FNR Hardwood - White Ash
Ash refers to a group of five species ranging throughout the eastern United States. White ash is best known and the preferred species. Only wood from the black ash tree can be distinguished from the other species. It is sometimes sold separately and referred to as brown ash by lumbermen.
Board 1 represents the best the species group has to offer. The wood is all white sapwood and shows the coarse grain pattern of flat sawn stock. The white sapwood is preferred. A mineral streak is present at the bottom of this piece. Board 2 is mostly heartwood. Like maples and basswood, the amount of heartwood in ash trees varies tremendously. Boards 3 and 4 are all sapwood and typical for the species. Less vigorous, old trees usually show more heartwood. The heartwood can be mottled or variegated as seen in Board 5. Boards 6 and 7 are black ash and show the characteristic darker, less lustrous color, as well as numerous small knots and pith. The left side of board 6 shows a rift to quarter pattern in ash.
White ash ranges from the Great Plains east and from southern Canada south, with the exception of the lower Mississippi River Delta and coastal plains area. White ash prefers deep, moist, fertile upland soils and is usually a scattered tree associated with many other species. The largest white ash reported is over 8 feet in diameter at 4.5 feet above the ground.
Ash is seriously threatened by the emerald ash borer. This exotic insect girdles and kills the tree. Emerald ash borer has decimated stands of ash throughout most of its range in Michigan, Ohio, Indiana, Illinois, Pennsylvania, Maryland, and Canada. However, some trees have survived the emerald ash borer outbreak through treatment of natural resistance.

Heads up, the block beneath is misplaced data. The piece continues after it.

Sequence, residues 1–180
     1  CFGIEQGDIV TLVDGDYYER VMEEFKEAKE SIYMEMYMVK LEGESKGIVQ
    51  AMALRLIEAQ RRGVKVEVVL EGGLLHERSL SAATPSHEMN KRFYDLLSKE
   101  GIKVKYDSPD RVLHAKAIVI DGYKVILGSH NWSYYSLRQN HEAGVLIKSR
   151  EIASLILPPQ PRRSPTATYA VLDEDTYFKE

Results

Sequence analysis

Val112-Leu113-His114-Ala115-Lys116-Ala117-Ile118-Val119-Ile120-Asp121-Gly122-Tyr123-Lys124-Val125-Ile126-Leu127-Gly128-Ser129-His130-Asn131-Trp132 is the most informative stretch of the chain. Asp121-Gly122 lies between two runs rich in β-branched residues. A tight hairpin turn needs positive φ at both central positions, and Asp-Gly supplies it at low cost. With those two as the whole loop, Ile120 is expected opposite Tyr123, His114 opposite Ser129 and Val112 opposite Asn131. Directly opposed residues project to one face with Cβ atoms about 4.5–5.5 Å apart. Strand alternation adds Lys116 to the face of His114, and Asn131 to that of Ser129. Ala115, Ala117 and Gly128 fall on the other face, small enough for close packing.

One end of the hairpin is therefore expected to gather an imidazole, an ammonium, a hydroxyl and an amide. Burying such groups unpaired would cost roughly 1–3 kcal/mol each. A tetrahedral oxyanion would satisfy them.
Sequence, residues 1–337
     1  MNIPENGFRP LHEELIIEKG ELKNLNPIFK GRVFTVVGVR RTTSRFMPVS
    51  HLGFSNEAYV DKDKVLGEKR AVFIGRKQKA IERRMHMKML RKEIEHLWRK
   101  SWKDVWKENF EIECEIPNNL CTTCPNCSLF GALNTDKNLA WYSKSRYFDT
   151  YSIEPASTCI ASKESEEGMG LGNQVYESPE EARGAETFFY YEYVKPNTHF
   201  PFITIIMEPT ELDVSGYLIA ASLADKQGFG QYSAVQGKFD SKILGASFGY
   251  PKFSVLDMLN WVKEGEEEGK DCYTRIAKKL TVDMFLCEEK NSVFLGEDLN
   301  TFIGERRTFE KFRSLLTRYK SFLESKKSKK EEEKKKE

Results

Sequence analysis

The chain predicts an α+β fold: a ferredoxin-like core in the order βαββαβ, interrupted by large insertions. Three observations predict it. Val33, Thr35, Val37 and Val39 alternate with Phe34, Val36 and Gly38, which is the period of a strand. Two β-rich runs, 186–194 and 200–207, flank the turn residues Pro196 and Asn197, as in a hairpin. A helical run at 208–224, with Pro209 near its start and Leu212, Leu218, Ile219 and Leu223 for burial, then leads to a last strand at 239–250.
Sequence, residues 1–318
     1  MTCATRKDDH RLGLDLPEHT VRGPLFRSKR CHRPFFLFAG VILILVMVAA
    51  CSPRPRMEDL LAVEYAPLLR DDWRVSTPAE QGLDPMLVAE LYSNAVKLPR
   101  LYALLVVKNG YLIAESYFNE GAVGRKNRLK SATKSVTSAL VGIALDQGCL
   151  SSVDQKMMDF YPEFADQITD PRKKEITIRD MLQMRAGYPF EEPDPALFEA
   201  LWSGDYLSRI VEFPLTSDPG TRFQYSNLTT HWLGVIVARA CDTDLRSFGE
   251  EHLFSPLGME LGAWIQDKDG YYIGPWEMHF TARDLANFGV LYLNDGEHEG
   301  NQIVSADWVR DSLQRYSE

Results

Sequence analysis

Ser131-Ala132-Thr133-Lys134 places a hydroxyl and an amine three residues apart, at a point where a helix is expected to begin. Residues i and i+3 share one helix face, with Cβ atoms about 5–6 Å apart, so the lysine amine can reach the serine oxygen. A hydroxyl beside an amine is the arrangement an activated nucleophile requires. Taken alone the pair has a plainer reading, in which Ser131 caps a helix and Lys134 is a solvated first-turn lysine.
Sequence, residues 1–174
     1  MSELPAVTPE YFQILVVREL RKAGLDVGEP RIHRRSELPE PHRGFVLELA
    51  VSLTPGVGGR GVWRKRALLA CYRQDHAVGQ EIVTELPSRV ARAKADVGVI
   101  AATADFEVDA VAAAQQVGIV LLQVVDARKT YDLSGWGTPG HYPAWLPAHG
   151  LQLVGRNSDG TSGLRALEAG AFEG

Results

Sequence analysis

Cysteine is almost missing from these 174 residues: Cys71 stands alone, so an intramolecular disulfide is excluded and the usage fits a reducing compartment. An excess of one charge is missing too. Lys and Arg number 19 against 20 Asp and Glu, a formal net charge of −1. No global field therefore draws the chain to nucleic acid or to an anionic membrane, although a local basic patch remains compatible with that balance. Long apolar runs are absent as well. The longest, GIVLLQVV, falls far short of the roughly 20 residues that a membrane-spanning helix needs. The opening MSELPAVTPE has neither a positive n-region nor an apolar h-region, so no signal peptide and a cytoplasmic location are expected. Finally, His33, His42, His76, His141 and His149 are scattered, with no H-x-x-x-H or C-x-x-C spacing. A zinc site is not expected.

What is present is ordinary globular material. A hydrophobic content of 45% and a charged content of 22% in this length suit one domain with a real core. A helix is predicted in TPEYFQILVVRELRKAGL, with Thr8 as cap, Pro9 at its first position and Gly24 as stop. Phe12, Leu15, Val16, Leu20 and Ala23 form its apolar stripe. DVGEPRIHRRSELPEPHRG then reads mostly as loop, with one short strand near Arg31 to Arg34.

Color & Texture
Both color and texture vary substantially in ash lumber. The earlywood pores are large and abruptly change to small diameter, thick-walled cells. Thus, the wood is coarse grained and appears much like oak. However, ash does not contain large wood rays, and the quartered surface does not show “fleck” or the characteristic markings of oak.
Most ash in the Appalachian and southern region is fast growing. Fast growth material will have large quantities of dense latewood and will be very strong. Very slow growth material can sometimes occur. Like slow growth oak, it will be relatively lightweight and brash. Color in ash can be one of the most important distinguishing features. The sapwood on most healthy, fast-grown ash in the Appalachian and southern region is wide and white. The heartwood is a characteristic light brown. In some cases, it is mottled with darker lines with some whitish spots. The white sapwood is generally preferred.
The white sapwood of ash is subject to general enzymatic discoloration as well as sticker shadow from enzymatic stain. Glassworms and turkey tracks are two additional characteristics common to ash. Glassworms appear as a zigzag pattern across the growth rings and along the grain of the board. Very characteristic black spots can sometimes be associated with these marks. Turkey tracks appear more as light-brown scratches in the wood. Both are caused by cambium miners that bore from the root to the top of the tree, through the cambium.
Anatomical and Microscopy
Ring-porous; large earlywood pores 2-4 rows wide, small latewood pores solitary and radial multiples; tyloses common; parenchyma banded (marginal), paratracheal parenchyma around latewood pores vasicentric, winged and confluent; narrow rays, spacing normal.
The wood grain appears much like oak, but it does not have the large wood rays seen on the quartered surface of oak. As a result, it can be substituted for flat sawn oak if properly stained. Ash is used on exposed surfaces in furniture and cabinets and also for millwork and flooring. Due to its high strength in bending and high shock resistance, it is used in athletic equipment such as baseball bats and rackets. It is also used for long tool handles that are loaded in bending such as shovels and oars.
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